The 5G Automotive Association has filed a petition for a waiver to deploy cellular vehicle-to-everything (C-V2X) technology in a 20 megahertz channel in the 5.9 gigahertz band. The channel would be in the 5905-5925 MHz band of the 5850-5925 MHz band.
“As supported by the attached 5GAA test report, C-V2X represents a significant advancement in connected vehicle technology and is the first step towards leveraging 5G to increase road safety and to maximize the myriad other benefits of connected vehicles on America’s roads,” the petition said.
“Built upon earlier efforts to develop Intelligent Transportation System (‘ITS’) services and leveraging advancements in cellular technologies, first 4G and ultimately 5G, C-V2X is a modern, standards-based connected-vehicle communications technology,” the petition added. “C-V2X enables direct, peer-to-peer mode communications between vehicles themselves (‘V2V’), vehicles and vulnerable persons such as pedestrians and cyclists (‘V2P’), and vehicles and transportation infrastructure (‘V2I’), as well as communications between vehicles and mobile networks (“V2N”). These communications can help enable important improvements in safety, traffic efficiency, mobility, and energy efficiency on America’s roads.”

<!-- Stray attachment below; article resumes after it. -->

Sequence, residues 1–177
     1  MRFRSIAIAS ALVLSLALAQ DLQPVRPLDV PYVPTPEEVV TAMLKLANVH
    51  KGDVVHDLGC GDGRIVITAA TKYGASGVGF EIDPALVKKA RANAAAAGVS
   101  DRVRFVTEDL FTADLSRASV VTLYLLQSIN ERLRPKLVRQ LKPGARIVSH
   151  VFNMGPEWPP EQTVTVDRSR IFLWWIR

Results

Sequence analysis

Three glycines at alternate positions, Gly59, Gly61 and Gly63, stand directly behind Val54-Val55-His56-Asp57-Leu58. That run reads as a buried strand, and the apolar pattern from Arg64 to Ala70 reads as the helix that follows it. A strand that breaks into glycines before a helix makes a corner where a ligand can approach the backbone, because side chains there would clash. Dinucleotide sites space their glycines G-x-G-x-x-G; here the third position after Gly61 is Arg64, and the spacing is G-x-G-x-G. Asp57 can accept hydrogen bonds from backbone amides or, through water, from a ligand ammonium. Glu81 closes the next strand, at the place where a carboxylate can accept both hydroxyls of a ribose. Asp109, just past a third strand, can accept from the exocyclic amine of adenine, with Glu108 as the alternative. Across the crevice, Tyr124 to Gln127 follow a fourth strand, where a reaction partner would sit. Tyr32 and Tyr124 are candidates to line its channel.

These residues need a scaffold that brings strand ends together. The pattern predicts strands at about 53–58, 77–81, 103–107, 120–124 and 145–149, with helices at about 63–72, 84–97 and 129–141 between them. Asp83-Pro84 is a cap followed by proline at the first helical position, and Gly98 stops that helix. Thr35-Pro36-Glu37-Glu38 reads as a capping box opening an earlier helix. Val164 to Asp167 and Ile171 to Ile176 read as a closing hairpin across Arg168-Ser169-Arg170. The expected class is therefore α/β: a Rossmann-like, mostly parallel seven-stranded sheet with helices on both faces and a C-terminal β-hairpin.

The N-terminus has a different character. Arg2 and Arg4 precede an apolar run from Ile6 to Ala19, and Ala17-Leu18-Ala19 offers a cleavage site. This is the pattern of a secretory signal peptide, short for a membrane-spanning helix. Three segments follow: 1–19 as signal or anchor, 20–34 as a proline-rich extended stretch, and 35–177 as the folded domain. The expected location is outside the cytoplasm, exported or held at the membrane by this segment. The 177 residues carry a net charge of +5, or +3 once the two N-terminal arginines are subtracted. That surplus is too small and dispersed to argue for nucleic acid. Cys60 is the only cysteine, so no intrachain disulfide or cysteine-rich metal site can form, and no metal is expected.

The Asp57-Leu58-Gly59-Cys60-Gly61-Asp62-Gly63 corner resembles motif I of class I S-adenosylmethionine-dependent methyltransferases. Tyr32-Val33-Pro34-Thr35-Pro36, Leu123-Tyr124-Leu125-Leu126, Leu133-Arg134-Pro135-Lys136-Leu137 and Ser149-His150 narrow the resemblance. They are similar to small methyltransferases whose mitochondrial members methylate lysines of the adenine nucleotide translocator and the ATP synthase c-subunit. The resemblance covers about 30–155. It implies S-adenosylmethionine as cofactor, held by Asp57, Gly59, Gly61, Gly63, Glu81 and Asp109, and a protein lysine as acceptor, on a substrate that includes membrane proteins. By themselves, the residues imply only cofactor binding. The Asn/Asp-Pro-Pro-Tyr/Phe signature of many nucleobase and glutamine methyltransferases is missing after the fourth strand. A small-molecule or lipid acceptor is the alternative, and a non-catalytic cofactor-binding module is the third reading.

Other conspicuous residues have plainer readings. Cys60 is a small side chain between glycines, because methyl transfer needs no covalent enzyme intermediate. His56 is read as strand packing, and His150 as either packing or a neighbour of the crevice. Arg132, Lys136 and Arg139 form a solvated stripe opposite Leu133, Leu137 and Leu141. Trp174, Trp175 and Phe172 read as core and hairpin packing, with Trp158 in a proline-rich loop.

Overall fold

“Unfortunately, widespread implementation of C-V2X technology in the United States is not feasible today,” the petition noted. “The Commission’s current rules for the 5.9 GHz band – adopted well before the development of C-V2X – restrict ITS operations to those that use the Dedicated Short Range Communications (‘DSRC’) standard. The consequences of this restriction are significant. Recent testing performed by 5GAA members demonstrates that C-V2X peer-to-peer mode consistently outperforms DSRC in several key areas. These performance advantages, which include enhanced reliability over an extended communication range, better non-line-of-sight performance, and greater resiliency, can – both individually and as a complement to existing radar- and camera-based systems – provide vehicles and drivers with an earlier, more complete picture of the surrounding road environment.”- Paul Kirby, email@example.com